7 Things to Know About Salt Cave

Has your favourite fitness club just opened a salt cave? Or perhaps a nearby SPA centre has started advertising such a service? Not surprisingly, since the use of such places is becoming increasingly popular. Is it worth following the trend?

Huge amounts of salt that do not harm and even help? Yes, this is definitely possible. Of course, it’s not about overusing NaCl in the diet. The same ingredient that, when added in excess to dishes, will harm our bodies (causing, among other things, high blood pressure, heart diseases or kidney problems), in another form proves to be an ideal companion for healthy habits.

Health resort patients have known for years the beneficial effects of salt through inhalations or salt baths. However, another form of using NaCl – salt caves – is also popular. What is worth knowing about them before using them?

  1. What does a salt cave look like?

Simply put, a salt cave is a room whose walls are lined with blocks of salt. Sometimes salt in loose form is also used. It is crucial to maintain adequate temperature, humidity and ventilation so that the salt constantly evaporates. In this way, special microclimate is created, comparable to that in seaside resorts, only even more intense – a 45-minute session in a salt cave is equivalent to several days spent by the seaside! [1]

The design of the salt cave itself can vary, although it most often refers to nature and caves. You can usually expect dim lighting, sometimes accompanied by relaxing music. And while it doesn’t affect our health, it does affect our well-being. So if you have a choice, it is worth opting for a cave that suits you best. 

  1. How do salt cave sessions work?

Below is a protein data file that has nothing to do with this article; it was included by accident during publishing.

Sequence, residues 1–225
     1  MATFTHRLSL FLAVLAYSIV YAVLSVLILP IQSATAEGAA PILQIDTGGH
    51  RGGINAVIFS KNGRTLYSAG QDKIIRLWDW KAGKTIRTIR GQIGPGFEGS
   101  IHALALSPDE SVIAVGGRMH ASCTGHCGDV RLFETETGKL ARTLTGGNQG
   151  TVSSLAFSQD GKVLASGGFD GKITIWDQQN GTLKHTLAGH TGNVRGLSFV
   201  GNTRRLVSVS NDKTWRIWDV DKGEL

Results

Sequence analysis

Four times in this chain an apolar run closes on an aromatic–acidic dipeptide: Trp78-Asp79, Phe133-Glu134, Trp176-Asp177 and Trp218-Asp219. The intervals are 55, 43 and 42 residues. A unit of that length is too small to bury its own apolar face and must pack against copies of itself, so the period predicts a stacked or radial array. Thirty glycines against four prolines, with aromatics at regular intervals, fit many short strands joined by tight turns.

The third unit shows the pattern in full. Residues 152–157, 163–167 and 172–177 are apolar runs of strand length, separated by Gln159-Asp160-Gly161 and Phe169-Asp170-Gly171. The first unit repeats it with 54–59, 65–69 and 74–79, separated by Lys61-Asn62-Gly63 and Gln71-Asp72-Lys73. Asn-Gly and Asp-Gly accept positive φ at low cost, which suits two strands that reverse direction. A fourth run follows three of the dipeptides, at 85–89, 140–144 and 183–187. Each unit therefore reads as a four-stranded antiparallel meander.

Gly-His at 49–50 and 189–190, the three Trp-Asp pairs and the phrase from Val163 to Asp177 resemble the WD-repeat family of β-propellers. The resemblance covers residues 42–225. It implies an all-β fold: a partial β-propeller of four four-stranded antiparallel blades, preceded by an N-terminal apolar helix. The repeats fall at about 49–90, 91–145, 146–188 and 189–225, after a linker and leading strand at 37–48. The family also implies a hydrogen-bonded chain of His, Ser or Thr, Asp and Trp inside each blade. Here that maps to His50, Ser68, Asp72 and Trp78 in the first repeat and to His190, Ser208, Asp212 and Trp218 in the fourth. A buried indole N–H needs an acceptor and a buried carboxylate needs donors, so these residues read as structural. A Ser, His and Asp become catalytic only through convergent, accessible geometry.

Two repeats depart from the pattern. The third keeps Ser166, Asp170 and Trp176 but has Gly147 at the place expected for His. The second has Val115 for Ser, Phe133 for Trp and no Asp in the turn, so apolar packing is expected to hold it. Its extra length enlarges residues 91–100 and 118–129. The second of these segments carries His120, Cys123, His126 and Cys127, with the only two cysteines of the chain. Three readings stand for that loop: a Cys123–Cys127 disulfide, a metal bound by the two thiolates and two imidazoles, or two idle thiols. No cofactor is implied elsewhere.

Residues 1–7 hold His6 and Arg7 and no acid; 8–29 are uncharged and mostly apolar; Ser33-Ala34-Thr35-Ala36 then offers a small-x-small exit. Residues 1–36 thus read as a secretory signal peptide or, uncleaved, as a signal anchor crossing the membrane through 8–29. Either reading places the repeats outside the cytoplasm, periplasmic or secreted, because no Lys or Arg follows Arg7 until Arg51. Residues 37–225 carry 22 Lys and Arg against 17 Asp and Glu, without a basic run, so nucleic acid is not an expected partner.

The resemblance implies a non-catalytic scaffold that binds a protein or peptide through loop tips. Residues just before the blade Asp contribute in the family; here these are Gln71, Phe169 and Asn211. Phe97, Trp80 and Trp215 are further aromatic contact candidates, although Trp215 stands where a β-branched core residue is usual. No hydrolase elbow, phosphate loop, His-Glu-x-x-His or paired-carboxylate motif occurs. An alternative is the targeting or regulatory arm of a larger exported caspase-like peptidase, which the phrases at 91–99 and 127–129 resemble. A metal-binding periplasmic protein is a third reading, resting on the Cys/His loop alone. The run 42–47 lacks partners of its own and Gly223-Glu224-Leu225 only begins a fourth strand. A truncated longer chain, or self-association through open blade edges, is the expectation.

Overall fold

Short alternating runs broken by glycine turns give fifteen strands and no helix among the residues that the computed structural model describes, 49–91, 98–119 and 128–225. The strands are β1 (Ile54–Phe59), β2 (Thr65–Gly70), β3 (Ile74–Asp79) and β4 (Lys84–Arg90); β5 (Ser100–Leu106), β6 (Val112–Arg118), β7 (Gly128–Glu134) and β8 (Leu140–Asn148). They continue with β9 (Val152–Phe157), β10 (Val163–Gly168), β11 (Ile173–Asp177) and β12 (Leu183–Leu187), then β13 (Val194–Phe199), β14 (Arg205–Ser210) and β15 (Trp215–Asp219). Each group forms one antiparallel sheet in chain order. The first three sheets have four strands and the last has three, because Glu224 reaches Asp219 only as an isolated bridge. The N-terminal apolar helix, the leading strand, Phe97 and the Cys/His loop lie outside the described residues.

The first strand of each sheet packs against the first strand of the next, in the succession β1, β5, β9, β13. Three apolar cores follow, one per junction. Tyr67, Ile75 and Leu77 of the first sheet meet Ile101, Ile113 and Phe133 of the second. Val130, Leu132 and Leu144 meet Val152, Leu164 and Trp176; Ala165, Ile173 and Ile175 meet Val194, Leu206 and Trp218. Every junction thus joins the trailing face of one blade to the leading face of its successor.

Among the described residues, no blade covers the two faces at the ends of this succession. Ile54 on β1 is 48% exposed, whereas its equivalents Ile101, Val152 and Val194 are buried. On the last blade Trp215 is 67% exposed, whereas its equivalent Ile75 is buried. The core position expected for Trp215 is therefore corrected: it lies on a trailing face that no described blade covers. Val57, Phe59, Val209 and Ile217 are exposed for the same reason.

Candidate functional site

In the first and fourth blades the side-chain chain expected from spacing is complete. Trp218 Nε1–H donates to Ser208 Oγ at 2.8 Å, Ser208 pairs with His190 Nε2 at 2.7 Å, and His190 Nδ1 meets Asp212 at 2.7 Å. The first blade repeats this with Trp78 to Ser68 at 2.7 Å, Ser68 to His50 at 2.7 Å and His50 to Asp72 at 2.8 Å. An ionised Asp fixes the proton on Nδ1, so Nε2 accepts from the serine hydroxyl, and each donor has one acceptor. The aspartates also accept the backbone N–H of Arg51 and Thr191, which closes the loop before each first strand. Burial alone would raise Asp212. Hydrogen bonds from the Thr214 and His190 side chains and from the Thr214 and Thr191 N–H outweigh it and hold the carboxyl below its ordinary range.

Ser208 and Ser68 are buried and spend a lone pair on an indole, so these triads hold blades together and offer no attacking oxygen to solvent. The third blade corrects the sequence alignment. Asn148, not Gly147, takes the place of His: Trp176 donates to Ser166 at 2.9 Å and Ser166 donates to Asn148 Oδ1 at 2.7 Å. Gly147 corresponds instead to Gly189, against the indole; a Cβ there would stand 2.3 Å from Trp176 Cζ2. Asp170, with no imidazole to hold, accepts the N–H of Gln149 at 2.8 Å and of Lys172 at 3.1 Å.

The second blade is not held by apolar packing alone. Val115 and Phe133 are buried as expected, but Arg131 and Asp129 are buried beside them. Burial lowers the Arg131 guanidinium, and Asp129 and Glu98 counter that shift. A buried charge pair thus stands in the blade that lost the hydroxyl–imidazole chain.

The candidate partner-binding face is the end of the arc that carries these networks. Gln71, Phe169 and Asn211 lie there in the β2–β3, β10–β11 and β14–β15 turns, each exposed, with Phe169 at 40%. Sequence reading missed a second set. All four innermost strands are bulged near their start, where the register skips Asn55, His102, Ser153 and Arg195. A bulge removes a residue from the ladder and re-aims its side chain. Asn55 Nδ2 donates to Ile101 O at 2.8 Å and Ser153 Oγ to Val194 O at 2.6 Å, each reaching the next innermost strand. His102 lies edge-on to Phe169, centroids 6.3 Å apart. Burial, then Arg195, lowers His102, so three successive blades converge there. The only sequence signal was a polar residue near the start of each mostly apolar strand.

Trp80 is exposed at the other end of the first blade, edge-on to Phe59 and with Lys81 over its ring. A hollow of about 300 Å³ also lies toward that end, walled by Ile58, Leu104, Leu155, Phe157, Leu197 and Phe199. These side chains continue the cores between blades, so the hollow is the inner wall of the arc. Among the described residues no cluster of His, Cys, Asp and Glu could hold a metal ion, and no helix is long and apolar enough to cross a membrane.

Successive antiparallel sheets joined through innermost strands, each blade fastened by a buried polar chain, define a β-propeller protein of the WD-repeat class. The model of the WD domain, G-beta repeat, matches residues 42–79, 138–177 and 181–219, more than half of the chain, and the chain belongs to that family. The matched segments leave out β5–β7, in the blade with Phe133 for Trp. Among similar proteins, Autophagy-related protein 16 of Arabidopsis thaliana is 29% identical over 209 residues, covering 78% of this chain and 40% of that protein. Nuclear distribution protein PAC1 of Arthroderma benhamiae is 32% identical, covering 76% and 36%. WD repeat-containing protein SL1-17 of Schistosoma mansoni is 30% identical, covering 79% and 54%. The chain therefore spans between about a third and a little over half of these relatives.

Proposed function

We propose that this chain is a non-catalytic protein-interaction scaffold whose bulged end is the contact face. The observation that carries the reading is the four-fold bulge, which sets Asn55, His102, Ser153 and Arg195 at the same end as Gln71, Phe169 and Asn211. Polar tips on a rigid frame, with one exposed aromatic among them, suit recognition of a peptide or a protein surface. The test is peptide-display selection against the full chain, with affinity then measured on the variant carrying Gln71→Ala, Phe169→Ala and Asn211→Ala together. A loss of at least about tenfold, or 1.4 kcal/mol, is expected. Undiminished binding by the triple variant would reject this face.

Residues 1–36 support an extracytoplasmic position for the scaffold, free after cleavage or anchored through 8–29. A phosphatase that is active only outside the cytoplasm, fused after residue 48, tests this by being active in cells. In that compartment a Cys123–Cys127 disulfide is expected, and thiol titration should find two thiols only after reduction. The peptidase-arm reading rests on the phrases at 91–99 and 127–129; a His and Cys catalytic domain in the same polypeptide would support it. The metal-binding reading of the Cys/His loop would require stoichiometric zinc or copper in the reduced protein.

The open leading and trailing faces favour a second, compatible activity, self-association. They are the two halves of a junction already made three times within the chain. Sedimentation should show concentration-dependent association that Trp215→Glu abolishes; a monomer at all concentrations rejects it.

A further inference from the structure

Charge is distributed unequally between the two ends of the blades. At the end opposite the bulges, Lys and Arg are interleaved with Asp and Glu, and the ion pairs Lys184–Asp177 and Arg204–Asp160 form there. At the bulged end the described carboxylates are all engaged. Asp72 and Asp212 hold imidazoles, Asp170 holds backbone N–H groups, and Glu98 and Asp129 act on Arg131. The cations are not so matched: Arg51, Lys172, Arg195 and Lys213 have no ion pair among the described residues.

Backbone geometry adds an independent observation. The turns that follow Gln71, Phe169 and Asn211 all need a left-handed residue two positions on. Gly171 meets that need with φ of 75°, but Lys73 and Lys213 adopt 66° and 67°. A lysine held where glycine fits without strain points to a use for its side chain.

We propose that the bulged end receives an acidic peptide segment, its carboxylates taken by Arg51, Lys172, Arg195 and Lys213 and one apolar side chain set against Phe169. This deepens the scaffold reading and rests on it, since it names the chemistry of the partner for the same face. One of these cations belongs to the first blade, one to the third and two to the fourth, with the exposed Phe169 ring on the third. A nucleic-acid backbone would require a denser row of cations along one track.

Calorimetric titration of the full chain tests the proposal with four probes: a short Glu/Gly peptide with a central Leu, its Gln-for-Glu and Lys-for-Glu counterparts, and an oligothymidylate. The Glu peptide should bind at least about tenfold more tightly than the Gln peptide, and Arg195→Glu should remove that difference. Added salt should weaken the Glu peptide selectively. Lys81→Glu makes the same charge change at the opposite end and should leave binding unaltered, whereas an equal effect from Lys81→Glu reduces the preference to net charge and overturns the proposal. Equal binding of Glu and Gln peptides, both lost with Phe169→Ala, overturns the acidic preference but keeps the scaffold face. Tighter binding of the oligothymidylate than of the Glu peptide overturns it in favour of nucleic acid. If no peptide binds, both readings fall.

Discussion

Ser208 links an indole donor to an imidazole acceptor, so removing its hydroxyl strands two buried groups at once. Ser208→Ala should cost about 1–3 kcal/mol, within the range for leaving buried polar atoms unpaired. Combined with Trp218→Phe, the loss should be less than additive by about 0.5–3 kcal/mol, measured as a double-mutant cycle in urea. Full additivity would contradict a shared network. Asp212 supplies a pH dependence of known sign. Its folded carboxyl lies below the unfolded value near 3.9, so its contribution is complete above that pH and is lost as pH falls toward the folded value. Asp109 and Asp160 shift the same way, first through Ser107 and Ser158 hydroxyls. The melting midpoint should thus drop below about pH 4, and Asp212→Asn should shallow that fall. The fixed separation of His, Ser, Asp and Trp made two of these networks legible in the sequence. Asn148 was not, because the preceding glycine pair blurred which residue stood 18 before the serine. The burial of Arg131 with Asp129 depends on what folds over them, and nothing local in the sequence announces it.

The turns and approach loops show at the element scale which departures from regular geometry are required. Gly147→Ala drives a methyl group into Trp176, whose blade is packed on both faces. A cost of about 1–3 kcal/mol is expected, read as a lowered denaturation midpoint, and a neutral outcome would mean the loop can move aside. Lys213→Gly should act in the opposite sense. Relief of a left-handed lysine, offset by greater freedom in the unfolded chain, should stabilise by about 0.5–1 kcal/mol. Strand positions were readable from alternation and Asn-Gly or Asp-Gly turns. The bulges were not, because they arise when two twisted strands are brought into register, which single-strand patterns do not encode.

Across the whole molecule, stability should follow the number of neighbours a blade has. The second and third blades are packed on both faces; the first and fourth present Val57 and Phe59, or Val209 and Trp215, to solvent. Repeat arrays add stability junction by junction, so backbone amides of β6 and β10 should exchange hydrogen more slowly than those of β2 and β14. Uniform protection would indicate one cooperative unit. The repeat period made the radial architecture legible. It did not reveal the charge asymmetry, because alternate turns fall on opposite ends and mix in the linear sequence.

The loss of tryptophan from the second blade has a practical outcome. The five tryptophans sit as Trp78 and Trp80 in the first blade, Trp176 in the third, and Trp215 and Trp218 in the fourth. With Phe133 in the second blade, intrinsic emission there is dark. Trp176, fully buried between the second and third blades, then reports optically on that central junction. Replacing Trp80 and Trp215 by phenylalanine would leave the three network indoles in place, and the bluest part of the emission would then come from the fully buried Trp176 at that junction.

The air in the salt cave is highly ionized and rich in trace elements and microelements. The exact chemical composition of the air in a given cave depends on where the salt is sourced from. A very popular raw material is salt from the Black Sea and the Dead Sea, but native salt – not only from the Baltic Sea, but also from Polish mines – works just as well.

Most often in the inhalation “bouquet” you will find iodine (responsible, among others, for the proper functioning of the thyroid gland, but which also has antibacterial effects), calcium (which strengthens immunity and soothes irritation) and magnesium (with calming effects and positive impact on the cardiovascular system). During a salt cave session, you also inhale potassium, sodium and iron, which are good for the blood, copper and selenium, which are beneficial for the skin, and bromine, which has a calming effect on the nervous system [1].

Increasingly, it is also possible to find salt caves equipped with a lighting system for colour therapy, which further increases the well-being of visitors. Salt lamps with warm tones will have an energising effect, while those with cold colours will have a calming one.

  1. What does staying in a salt cave help with?

Strictly scientific data, unfortunately, is quite limited. However, it shows that salt cave stays have a positive effect on people struggling with chronic upper and lower respiratory diseases [2].  People with asthma can expect quick relief, because the specific microclimate of the cave causes bronchial muscles to relax [3].

The use of salt caves is also recommended for people who want to improve their overall immunity. Other indications include allergies, hypertension, hypothyroidism, problems with the digestive system (e.g. ulcer disease, gastritis, colitis), the circulatory system or the skin (e.g. acne, psoriasis, eczema). Salt cave sessions will also be suitable for overworked and stressed people [4]. You can also use the salt cave if you are concerned about weight loss and fighting cellulite [3].